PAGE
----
Products used in essential oils are in high demand for Australian farmers, with more than 90 per cent of Australia’s natural oils being exported.
It’s not only benefiting traditional industries like tea tree and lavender — it’s also proving a cash cow for those harvesting rarer native ingredients.
As far back as colonisation, oils derived from our vast backyard were swiftly recognised as important commodities — including the famous Australian eucalyptus and Australian sandalwood.
But in the years that followed, wild harvesting became unprofitable and artificial substances began taking over.
A renewed push towards natural products in the past decade has seen oils back in business.
Perfumeries and beauty brands are also snapping up Australian oils for products that claim to help with ailments, calm the nerves or simply release sweet smells.
The science doesn’t back up all claims in this growing community, but increasing work is being done at universities and labs across Australia to determine exactly what properties Australian plants and trees may contain.
But the hype — whether it proves true or not — is generating income for farmers.
Reaching international standards
North America imports about 40 per cent of Australia’s oils, and Europe 50 per cent. The Asian market is also showing increasing interest.
Judith and Michael Bastille grow lavender at Crystal Brook Farm near Canberra.
It hasn’t always been a lavender crop, but after seeing the demand increase steadily year after year, the Bastilles have converted the farm over time.
“Lavender wasn’t the prominent crop from the very beginning, but it has become that now. We are in the process now, having some of the lavender being 13-15 years old, of replacing the lavender to maintain it as the prominent crop,” Mr Bastille said.
The couple have completed several study tours to France, which is arguably one of the leading nations to refine the craft of lavender distillation.
“Most of the people in the Australian Lavender Growers’ Association, and the other organisations we were involved with, didn’t have a clear knowledge of how things were done in France,” he said.
It was on these tours that the Bastilles made decisions about what to grow, and what sort of stills would produce oils to match international standards.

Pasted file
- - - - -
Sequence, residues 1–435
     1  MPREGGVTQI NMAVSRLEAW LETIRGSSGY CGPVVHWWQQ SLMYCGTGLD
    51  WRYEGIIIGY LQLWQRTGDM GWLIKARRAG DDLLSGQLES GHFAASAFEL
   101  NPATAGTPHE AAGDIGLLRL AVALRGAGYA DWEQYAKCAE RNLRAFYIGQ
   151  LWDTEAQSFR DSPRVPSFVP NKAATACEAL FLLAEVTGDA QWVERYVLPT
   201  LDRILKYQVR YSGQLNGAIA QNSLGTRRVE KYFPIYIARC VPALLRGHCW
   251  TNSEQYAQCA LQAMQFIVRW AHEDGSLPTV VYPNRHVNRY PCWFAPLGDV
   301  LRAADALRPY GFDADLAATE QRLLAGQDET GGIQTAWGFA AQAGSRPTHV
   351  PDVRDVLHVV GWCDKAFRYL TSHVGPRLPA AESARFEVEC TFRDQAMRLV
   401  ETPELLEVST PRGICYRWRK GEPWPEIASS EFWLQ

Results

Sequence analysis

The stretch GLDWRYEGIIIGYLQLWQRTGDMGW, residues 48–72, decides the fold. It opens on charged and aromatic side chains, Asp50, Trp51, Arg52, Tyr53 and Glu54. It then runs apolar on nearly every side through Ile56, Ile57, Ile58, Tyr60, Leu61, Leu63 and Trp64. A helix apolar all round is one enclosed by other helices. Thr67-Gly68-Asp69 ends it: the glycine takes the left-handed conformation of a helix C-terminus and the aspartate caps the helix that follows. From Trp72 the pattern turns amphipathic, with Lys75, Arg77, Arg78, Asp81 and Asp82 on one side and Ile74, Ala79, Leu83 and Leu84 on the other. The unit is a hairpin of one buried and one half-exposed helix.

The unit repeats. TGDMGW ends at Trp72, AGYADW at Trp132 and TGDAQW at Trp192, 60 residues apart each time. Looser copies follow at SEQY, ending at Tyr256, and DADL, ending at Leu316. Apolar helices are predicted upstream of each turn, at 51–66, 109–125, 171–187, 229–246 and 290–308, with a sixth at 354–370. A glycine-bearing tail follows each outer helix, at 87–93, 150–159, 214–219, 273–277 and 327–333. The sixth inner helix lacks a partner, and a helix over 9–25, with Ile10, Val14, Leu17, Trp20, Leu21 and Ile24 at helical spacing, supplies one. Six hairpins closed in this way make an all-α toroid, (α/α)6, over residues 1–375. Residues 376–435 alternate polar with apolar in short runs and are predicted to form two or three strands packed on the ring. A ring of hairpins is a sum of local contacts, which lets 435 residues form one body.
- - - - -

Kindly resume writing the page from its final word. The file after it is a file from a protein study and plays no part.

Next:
Tea tree oil worth the wait
Dee-Ann Prather’s family started growing tea tree on their northern New South Wales farm in 1993.
It was tough going for many years, after a massive oversupply sent many farmers out of business. But the Prather family stuck it out.
Ms Prather said such is the strength of essential oils, international companies are increasingly looking to buy into Australian businesses associated with the products.
“We’ve seen many of the multinationals come in and buy up the natural companies because they have the faith in the naturals market, and that the naturals isn’t a buzz; it’s here to stay,” she said.
The Prathers have planted around two million new trees, which will be ready to harvest in two years.
The seeds were from the Australian Tea Tree Industry Association’s Tea Tree Breeding Program, developed for their oil quality and high-yielding properties.
“The Australian Tea Tree Industry Association, in conjunction with the Government, have put millions of dollars into developing and choosing the right seeds to go into the tea tree industry,” Ms Prather said.
“So it’s collecting the correct seeds to use, and building up that capacity to grow tea tree in the best way possible.”
But injecting money into refining the crop isn’t the only big expense they have to grapple with.
Their biggest problem is the black market.
Industry plagued by copycats
The essential oils industry is plagued by copycat products which often falsely claim other countries of origin as their own — namely Australia.
Policing has increased in a number of countries against synthetic and fake essential oils, but many still slip through the cracks.
Ms Prather said it can be dangerous when people mistakenly believe they are using an authentic product.
“It’s a critical thing to address, for example with tea tree, if somebody starts buying what they think is tree tree oil and it’s adulterated, and it doesn’t work — or even worse, it harms because it’s been adulterated — then that’s going to have negative consequences for the tea tree industry. And it’s the same with any essential oil,” she said.